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Replication, Replication

Published online by Cambridge University Press:  02 September 2013

Gary King*
Harvard University


Political science is a community enterprise; the community of empirical political scientists needs access to the body of data necessary to replicate existing studies to understand, evaluate, and especially build on this work. Unfortunately, the norms we have in place now do not encourage, or in some cases even permit, this aim. Following are suggestions that would facilitate replication and are easy to implement—by teachers, students, dissertation writers, graduate programs, authors, reviewers, funding agencies, and journal and book editors.

Research Article
Copyright © The American Political Science Association 1995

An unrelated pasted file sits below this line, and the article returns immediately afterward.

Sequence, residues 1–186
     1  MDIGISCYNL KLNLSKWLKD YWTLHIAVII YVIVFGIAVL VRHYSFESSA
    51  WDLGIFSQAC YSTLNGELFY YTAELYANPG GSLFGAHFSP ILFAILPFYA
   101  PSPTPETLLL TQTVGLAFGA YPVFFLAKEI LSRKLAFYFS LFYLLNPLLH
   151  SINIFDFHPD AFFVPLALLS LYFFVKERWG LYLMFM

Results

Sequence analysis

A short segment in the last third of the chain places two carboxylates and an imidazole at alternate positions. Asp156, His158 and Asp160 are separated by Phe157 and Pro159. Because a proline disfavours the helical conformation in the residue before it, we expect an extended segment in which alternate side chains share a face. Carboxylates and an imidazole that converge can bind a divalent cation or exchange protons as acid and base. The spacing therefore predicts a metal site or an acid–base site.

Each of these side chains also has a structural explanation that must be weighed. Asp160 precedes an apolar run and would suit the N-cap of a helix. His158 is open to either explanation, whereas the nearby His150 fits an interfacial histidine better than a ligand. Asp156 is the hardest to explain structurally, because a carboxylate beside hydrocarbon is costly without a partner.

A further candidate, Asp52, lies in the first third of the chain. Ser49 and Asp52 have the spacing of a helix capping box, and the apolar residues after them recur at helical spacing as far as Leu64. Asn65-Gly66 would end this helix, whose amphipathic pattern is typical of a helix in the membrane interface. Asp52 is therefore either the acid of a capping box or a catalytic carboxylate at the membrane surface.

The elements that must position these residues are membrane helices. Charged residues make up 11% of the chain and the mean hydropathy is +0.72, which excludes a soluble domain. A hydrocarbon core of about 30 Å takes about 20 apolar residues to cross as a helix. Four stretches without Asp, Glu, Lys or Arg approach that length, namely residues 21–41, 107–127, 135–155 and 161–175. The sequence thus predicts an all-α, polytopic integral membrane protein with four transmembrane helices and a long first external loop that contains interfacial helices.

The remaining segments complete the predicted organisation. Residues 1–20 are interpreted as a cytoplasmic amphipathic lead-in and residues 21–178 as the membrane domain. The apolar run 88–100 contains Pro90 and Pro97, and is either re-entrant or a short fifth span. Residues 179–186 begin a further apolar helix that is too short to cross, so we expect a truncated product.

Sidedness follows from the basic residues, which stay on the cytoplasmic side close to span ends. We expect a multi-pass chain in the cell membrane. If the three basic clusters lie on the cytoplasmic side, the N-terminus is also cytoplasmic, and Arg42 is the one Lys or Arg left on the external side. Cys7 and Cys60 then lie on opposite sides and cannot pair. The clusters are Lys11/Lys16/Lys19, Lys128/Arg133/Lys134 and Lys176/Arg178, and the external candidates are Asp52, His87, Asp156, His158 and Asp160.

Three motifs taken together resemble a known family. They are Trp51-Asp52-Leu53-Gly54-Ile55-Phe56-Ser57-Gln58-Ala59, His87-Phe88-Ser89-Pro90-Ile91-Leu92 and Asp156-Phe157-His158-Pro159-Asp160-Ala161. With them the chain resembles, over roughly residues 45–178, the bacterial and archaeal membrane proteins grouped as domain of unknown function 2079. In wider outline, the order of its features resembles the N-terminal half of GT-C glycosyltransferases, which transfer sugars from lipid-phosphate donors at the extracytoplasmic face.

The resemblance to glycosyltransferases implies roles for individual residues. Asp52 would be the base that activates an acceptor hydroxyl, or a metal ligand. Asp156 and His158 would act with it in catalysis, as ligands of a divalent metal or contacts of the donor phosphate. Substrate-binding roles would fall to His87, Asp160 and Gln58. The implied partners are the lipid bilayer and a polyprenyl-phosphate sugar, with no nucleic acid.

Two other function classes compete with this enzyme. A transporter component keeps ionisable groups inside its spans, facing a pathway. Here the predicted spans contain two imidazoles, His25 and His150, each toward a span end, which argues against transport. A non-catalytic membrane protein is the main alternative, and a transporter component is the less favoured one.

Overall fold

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This paper has benefited immeasurably from innumerable conversations I have had with many groups and individuals. For many helpful comments on previous versions of this paper, I am especially grateful to Jim Alt, Neal Beck, Robert X. Browning, John Dilulio, John Green, Matthew Holden, Gary Klass, David Laitin, Malcolm Litchfield, Ken Meier, Jonathan Nagler, Bob Putnam, Richard Rockwell, Phil Schrodt, and Sid Verba. I also thank the National Science Foundation for grants SBR-9321212 and SBR-9223637, and the John Simon Guggenheim Memorial Foundation for a fellowship.


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